Saturday, April 13, 2013

The Church Lives by Public Humiliation

Following Kevin's lead of mentioning a popular American sitcom in the same breath as a patristic theologian...(will this be the new meme that explodes around the blogosphere? No, no it won't.)

Tertullian's On Repentance speaks of an early Christian practice known by the Greek word exomologesis. Foucault thinks of it as a technology of the self, but it was more like a technology of the community. For the  guilty member of the church it involved public confession of sins, weeping, fasting, and beseeching forgiveness from Christ/His body the Church (Tertullian, at times, doesn't make much of a distinction between the two). It functioned to make it publicly known that God is holy, that the church is holy, and that this particular person acted against that holiness. This is not a name-them-and-shame-them practice, with the rest of the church community standing in aloof judgement of the sinner. On the contrary, the community suffers with the penitent person, in the hopes of eventually welcoming him or her back into full and joyful communion.

This may strike us as the kind of legalistic, medieval Christianity that the Reformation did away with, but in an episode of Modern Family last night ("Coal Digger") there was what one might consider a contemporary example of exomologesis that should encourage churches to bring back penance!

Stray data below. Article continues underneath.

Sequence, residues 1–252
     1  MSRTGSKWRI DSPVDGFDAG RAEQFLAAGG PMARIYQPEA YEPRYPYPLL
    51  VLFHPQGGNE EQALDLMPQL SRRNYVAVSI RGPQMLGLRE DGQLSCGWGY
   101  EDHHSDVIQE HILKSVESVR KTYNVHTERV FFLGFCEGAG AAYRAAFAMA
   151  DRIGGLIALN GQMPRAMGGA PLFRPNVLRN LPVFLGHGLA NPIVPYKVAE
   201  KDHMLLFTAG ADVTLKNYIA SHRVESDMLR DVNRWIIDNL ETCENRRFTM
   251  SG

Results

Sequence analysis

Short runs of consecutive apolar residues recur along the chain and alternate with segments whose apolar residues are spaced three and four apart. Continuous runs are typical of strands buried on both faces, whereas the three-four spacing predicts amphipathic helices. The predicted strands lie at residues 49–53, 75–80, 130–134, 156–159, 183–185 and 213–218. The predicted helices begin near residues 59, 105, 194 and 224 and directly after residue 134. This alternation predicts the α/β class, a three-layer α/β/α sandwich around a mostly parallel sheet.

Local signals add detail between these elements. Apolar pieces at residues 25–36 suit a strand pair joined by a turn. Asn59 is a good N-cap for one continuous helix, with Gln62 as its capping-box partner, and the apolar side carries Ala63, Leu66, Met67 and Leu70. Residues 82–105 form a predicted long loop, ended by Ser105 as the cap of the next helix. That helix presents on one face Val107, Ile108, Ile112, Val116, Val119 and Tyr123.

Without explaining the nitty-gritty of the show, Claire called her father's new wife Gloria a gold digger behind her back. This transgression eventually came to light through her son. Gloria was upset, and retreated to her room for what turned out to be a very funny scene with Claire's husband Phil. Claire came up the stairs to patch things up with Gloria by admitting to her guilt and asking Gloria to forgive her. Gloria said no. Well, what she said was that she would forgive Claire is Claire humiliated herself by jumping into the pool with all her clothes on. Claire agreed.

She walked to the edge of the pool, showing her willingness to jump in for the sake of forgiveness. She thought this willingness would be enough. It wasn't. Gloria insisted that she jump into the pool. Only then would she know that Claire was truly sorry. So Claire jumped.

That, in a secularised nutshell, is exomologesis.

What happened next? Everyone else dived/got pushed into the pool, sharing in Claire's humiliation.

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